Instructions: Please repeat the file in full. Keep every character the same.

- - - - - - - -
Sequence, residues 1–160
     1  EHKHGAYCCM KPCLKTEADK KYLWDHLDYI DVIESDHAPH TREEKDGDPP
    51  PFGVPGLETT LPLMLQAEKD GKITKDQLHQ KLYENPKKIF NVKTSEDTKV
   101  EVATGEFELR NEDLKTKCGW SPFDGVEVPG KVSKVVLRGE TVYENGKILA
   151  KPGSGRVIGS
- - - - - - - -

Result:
Sequence, residues 1–160
     1  EHKHGAYCCM KPCLKTEADK KYLWDHLDYI DVIESDHAPH TREEKDGDPP
    51  PFGVPGLETT LPLMLQAEKD GKITKDQLHQ KLYENPKKIF NVKTSEDTKV
   101  EVATGEFELR NEDLKTKCGW SPFDGVEVPG KVSKVVLRGE TVYENGKILA
   151  KPGSGRVIGS